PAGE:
- About the presenter: Damian is Director of the Globalism Research Centre at RMIT University, where he has worked since 2003. His research concentrates on different patterns of social conflict and resolution across the local, national and global. He has worked in a range of international sites, particularly in Timor-Leste where he lived from 2006 until 2010 and has visited many times. Drawing together ethnographically framed fieldwork with social policy and social theory, he has published a wide range of articles, book chapters, reports and opinion pieces and has worked on a range of research projects ranging from Australian Research Council Discovery Projects through to consultancies in local rural communities in Timor-Leste. Dr Grenfell teaches at both an undergraduate and postgraduate level in the Global Studies discipline at RMIT University on courses in Security, Interventions, Peace and Social Theory, and he supervises in a range of related areas.
||Re-imagining Development in Timor-Leste
- Presenters and main authors: Sam Carroll-Bell (RMIT University)
- Abstract: For almost 14 years Timor-Leste has been home, albeit temporarily, to thousands of Development volunteers, project officers and capacity builders. Backed by some of the world’s largest international Development agencies and institutions these practitioners have traversed almost every corner of the country deploying programs and infrastructure in the hopes of improving livelihoods, empowering women and establishing basic services. While much of this work has been informed and guided by orthodox approaches found elsewhere in the developing world, in response to aid ineffectiveness a small number of agencies have begun to explore alternative modes of Development that take into account local customary practice. Drawing on case studies, this presentation outlines how these agencies are attempting to ‘re-imagine’ the Development praxis in order to secure and sustain positive long-term development outcomes. In so doing, it details how the previously incongruous notions of Development and customary practice, ritual and authority are being brought together to form new and meaningful frameworks for engagement and activity. It is suggested that much may be gained through re-framing the way customary practices are viewed and treated by development, so as to move from being thought of as a series of ‘quaint’ obstacles to acknowledging them as deeply embedded ‘systems of meaning’ which continue to guide East Timorese life.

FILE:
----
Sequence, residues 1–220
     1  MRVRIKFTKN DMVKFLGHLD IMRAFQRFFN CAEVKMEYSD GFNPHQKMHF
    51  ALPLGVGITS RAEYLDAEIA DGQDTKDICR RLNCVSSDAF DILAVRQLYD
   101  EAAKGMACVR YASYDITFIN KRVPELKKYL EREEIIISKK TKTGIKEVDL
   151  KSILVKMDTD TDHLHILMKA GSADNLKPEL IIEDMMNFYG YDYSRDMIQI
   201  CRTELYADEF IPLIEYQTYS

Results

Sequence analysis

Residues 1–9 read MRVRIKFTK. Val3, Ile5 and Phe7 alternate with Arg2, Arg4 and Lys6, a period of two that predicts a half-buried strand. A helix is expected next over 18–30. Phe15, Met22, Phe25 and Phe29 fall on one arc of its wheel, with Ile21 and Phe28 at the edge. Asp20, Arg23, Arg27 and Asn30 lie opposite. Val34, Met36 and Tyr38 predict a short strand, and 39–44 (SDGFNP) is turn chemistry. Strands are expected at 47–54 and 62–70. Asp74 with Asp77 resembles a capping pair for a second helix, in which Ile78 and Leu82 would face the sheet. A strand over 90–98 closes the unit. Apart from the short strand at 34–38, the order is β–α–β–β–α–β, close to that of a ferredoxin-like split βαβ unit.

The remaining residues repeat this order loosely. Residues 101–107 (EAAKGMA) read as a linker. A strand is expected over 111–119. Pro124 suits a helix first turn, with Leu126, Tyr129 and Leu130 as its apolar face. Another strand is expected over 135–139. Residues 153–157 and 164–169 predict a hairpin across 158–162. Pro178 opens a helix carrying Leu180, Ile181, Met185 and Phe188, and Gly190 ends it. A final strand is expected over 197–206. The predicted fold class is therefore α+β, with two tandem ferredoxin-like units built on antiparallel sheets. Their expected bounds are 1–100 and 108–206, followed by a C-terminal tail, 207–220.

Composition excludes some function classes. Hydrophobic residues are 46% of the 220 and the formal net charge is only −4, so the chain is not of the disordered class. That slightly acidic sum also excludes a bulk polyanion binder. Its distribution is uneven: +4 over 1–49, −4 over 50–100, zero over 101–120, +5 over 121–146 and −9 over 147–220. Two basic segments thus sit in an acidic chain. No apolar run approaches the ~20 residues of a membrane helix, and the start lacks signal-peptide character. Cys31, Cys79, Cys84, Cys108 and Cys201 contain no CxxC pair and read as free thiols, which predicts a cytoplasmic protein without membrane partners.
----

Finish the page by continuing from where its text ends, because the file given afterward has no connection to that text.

- About the presenter: A graduate of RMIT University (Master of Social Science – International Development) Sam Carroll-Bell’s research explores the framing and impact of international development activities. To date this work has centred on the young of Nation of Timor-Leste (AKA East Timor). Prior to his current Coordination role with the Global Cities Research Institute at RMIT, Sam worked with the Global Research Centre and the Centre for Sustainable Organisations and Work (also of RMIT). Sam is the President of the arts advocacy organisation Artists for Human Rights and Action, a founding member of the anti-human trafficking organisation Stop.Traffick (now Agile Development) and a volunteer with Matadalan Ba Malu, a scholarship facilitation program for East Timorese women.